(i) REPEAL.—Section 5403 of the Intelligence Reform and Terrorism Prevention Act of 2004 (Public Law 108–458) is repealed.

“Any alien who is physically present in the United States ․ may apply for asylum,” 8 U.S.C. § 1158(a)(1), but only if he “demonstrates by clear and convincing evidence that the application has been filed within 1 year after the date of the alien's arrival in the United States,” id. § 1158(a)(2)(B). Here, the Immigration Judge (“IJ”) was not convinced by Nirmal Singh's mere verbal assertions, credible as the petitioner may be, and thus required Singh to come forward with evidence corroborating his alleged date of entry. When Singh failed to do so, the IJ dismissed his application as time-barred, and the Board of Immigration Appeals (“BIA”) affirmed, noting correctly that the burden of proof on granting asylum empowers an IJ to seek corroborating evidence from an otherwise credible witness.

Because the plain terms of the statutory scheme allow an IJ to seek corroboration from an applicant seeking to demonstrate his eligibility for asylum, and because the majority's reading would variegate an otherwise uniform statute, I respectfully dissent.

I

Our old rule that “the BIA may not require independent corroborative evidence from an asylum applicant who testifies credibly in support of his application,” Kataria v. INS, 232 F.3d 1107, 1113 (9th Cir.2000), has been formally extinguished. For asylum applications filed after May 11, 2005,1 “Congress abrogated these holdings in the REAL ID Act of 2005.” Aden v. Holder, 589 F.3d 1040, 1044 (9th Cir.2009). Instead, while credible testimony still can, in some circumstances, sustain the applicant's burden of proof, it does not automatically do so. See 8 U.S.C. § 1158(b)(1)(B)(ii) ( “[T]he testimony of the applicant may be sufficient to sustain the applicant's burden without corroboration, but only if the applicant satisfies the trier of fact that the applicant's testimony is credible, is persuasive, and refers to specific facts sufficient to demonstrate that the applicant is a refugee.” (emphasis added)). Now, “[w]here the trier of fact determines that the applicant should provide evidence that corroborates otherwise credible testimony, such evidence must be provided unless the applicant does not have the evidence and cannot reasonably obtain the evidence.” Id. Thus, credible testimony may be sufficient to satisfy the applicant's burden of proof, but the Act also enables the trier of fact to require something more. To the extent our prior decisions hold to the contrary, they are superseded by the REAL ID Act. Aden, 589 F.3d at 1044.

That, more or less, should end the matter in this case. Although the IJ found Singh to be credible, the IJ concluded that Singh had not sustained his burden of demonstrating his date of entry into the United States through his testimony alone. The IJ thus required Singh to provide corroborating evidence of his alleged date of entry, which he failed to do. As the BIA concluded, such request was fully within the IJ's power, and there was no error in rejecting Singh's application as untimely.

II

The majority rejects all of this by concluding that 8 U.S.C. § 1158(b)(1)(B)(ii)—which explicitly provides for the IJ's authority to require corroborating evidence-applies to everything in an asylum applicant's burden except his duty to establish the timeliness of his application. As the majority would have it, no provision of the REAL ID Act explicates how an IJ may ensure that an immigrant has successfully demonstrated his date of entry by “clear and convincing evidence.” In light of the statute taken as a whole, I cannot agree with the majority's conclusion.2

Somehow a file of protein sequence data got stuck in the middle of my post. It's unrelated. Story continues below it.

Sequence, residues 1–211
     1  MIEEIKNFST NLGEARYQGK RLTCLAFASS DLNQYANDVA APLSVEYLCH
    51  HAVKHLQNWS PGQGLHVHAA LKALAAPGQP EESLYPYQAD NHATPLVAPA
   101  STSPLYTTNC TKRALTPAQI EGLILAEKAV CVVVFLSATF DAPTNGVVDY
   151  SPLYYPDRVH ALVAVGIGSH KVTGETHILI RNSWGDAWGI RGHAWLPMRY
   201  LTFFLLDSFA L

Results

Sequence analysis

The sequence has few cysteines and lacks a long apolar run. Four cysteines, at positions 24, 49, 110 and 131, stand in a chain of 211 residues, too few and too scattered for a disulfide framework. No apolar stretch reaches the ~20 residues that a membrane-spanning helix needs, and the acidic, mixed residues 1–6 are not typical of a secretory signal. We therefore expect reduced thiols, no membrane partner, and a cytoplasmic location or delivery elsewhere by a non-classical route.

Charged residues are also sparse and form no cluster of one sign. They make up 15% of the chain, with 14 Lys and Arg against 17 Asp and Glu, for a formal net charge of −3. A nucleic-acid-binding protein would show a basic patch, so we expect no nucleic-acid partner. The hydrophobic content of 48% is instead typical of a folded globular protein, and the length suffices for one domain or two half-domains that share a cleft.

A

First, contrary to the majority's suggestion, the text of the section 1158(b)(1)(B)(ii) does not restrict the IJ's authority to seek corroborating evidence only to whether the applicant is a “refugee.” Rather, this section speaks generally of “the applicant's burden” for demonstrating his eligibility for asylum, and states that, to sustain such burden, “[w]here the trier of fact determines that the applicant should provide evidence that corroborates otherwise credible testimony, such evidence must be provided unless the applicant does not have the evidence and cannot reasonably obtain the evidence.” 8 U.S.C. § 1158(b)(1)(B)(ii). In order to demonstrate his eligibility for asylum, an asylum applicant must prove both that he has filed his application within one year after his entry into the United States and that he meets the statutory definition of a “refugee.” See id. §§ 1158(a)-(b). In other words, an asylum applicant's “burden” for prevailing on his application necessarily includes the burden of establishing his date of entry.

Section 1158(b)(1)(B)(ii)'s discussion of the applicant's ability to sustain his “burden” thus refers to Singh's need to demonstrate his eligibility as a refugee meeting all statutory requirements for asylum. And because the text of such section nowhere limits its scope only to the determination of one portion of the applicant's statutory burden, as the majority suggests, the BIA did not err in consulting the section in affirming the IJ's decision.3

B

Moreover, although the majority suggests that structural elements of section 1158 leave some ambiguity as to the scope of subsection (b)(1)(B)(ii), I cannot conclude, as the majority does, that this structure was meant to frustrate the IJ's efforts to determine whether an applicant had provided clear and convincing evidence of his date of entry. As discussed, establishing both the timeliness of his application and his status as a “refugee” are necessary to an immigrant's successful asylum application. But under the majority's view, an IJ will be forced to evaluate the immigrant's testimony on these two questions under completely different standards. Under the majority opinion, an IJ will assess the question of an applicant's refugee status under section 1158(b)(1)(B)(ii), but will assess the timeliness of his application without regard to any provision explaining the applicant's standard for sustaining his burden. The text of the statute does not create such a divide, and there is no reason that we should.